Juno's Perijove-20 Jupiter Flyby, Reconstructed in 125-Fold Time-Lapse

2019-06-20 10:17 UT
Credit : Credit: NASA / JPL / SwRI / MSSS / SPICE / Gerald Eichstädt © cc by
Submitted By : Maquet-80
Mission Phase : PERIJOVE 20

On May 29, 2019, NASA's Juno probe successfully performed her Perijove-20 Jupiter flyby.

The movie is a reconstruction of the 2 hours and 30 minutes between 2019-05-29T07:20:00.000 and 2019-05-29T09:50:00.000 in 125-fold time-lapse.

It is based on 32 of the JunoCam images taken, and on spacecraft trajectory data provided via SPICE kernel files.

In steps of five real-time seconds, one still images of the movie has been rendered from at least one suitable raw image. This resulted in short scenes, usually of a few seconds.

Playing with 25 images per second results in 125-fold time-lapse.

Resulting overlapping scenes have been blended using the ffmpeg tool.

In natural colors, Jupiter looks pretty pale. Therefore, the still images are approximately illumination-adusted, i.e. almost flattened, and consecutively gamma-stretched to the 4th power of radiometric values, in order to enhance contrast and color.

Like for previous flybys, Juno approached Jupiter from north, and left Jupiter looking towards the soutern hemisphere. Closest approach to Jupiter was 7,244 km above the nominal IAU 1-bar level, and near 20.3 degrees north (planetocentric), according to long-term planning of November 2017.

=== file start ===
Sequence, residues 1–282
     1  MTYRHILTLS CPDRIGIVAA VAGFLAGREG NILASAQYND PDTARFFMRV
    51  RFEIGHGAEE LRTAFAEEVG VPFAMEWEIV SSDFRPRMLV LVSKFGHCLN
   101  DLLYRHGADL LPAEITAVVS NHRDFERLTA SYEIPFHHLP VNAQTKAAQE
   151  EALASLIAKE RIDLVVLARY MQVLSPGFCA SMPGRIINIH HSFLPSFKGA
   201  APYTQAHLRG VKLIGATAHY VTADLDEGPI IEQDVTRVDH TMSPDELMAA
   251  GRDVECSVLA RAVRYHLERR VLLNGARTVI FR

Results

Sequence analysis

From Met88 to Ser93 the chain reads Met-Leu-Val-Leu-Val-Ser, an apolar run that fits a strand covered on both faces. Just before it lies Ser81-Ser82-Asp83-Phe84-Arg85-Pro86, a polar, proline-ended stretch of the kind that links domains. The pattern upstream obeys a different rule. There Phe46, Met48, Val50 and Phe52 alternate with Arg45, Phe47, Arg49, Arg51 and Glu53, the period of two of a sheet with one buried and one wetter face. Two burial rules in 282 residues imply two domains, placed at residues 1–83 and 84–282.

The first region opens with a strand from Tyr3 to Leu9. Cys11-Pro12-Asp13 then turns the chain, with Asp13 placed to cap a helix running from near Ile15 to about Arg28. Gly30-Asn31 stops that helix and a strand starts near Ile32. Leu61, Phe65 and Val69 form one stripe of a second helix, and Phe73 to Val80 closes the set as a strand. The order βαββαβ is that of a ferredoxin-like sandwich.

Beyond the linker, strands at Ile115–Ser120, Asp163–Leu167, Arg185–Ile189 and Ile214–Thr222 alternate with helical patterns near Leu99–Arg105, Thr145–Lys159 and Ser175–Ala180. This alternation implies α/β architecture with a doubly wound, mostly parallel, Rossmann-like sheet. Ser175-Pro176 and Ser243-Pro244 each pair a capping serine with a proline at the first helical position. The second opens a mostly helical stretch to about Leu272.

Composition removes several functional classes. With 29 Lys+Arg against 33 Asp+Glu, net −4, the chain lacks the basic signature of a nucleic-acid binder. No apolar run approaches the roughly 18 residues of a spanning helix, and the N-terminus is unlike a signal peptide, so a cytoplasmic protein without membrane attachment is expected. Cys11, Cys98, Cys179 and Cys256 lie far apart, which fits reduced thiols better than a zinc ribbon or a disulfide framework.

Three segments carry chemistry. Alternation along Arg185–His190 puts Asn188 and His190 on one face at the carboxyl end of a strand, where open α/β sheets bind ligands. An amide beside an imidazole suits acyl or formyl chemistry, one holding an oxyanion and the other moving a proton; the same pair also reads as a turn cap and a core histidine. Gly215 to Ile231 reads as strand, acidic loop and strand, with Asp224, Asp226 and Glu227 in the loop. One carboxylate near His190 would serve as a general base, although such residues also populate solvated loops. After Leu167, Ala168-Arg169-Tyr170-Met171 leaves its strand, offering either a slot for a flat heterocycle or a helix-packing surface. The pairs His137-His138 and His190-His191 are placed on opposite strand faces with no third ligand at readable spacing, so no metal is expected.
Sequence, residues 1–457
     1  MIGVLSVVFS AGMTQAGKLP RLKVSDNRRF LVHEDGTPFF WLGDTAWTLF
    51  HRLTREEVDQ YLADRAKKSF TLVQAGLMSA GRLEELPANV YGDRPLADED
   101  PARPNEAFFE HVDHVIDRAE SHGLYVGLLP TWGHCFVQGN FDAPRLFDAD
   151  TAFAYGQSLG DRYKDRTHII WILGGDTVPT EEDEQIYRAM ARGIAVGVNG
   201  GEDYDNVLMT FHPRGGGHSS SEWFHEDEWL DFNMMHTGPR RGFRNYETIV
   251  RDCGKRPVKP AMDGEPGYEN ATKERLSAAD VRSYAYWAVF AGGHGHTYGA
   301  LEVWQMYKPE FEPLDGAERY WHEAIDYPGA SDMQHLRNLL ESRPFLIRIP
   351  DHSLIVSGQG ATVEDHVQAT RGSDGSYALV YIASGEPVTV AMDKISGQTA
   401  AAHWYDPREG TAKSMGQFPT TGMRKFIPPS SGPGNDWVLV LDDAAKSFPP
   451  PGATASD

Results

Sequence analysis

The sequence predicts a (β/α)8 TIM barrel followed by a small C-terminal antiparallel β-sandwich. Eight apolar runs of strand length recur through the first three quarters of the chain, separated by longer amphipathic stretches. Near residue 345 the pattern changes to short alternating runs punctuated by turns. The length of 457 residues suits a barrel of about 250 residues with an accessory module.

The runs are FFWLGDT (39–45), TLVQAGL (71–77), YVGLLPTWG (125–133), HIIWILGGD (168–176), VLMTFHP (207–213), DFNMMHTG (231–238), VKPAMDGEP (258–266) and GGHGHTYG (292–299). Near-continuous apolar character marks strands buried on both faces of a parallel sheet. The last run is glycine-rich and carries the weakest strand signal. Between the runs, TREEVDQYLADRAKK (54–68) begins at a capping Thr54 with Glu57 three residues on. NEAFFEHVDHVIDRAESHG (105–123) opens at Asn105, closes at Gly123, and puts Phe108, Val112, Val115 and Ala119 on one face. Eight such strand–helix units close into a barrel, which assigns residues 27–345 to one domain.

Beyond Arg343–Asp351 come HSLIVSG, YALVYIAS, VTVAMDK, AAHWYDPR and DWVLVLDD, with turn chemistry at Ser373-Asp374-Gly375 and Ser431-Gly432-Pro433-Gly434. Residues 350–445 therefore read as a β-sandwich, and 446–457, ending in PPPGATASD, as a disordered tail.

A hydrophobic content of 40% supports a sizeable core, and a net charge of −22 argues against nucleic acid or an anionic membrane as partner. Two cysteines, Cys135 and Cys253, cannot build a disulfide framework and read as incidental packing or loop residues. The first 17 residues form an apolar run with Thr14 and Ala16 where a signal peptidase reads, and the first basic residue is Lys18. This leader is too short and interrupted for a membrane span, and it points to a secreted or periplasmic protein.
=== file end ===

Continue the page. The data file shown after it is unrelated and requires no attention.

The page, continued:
Above the equatorial zone, JunoCam took RGB images as frequently as technically possible, each about 90 seconds, in other words, each 3rd spacecraft revolution.

This strategy returned well-resolved images of fairly small wave and cloud features. They are visible in the movie near time 00:26.

Also noteworthy are the vortices in the north, possibly spreading left-overs of some of the very turbulent nearby folded filametary region (FFR). They are best visible between 00:11 and 00:17. Some of the vortices are very dark, and may show us deeper layers of Jupiter's atmosphere, remotely similar to the cloudless eye of a hurricane on Earth.

JunoCam was built and is operated by Malin Space Science Systems in San Diego / California / USA.

Many people at NASA, JPL, SwRI, and elsewhere have been, are, and will be required to plan and operate the Juno mission.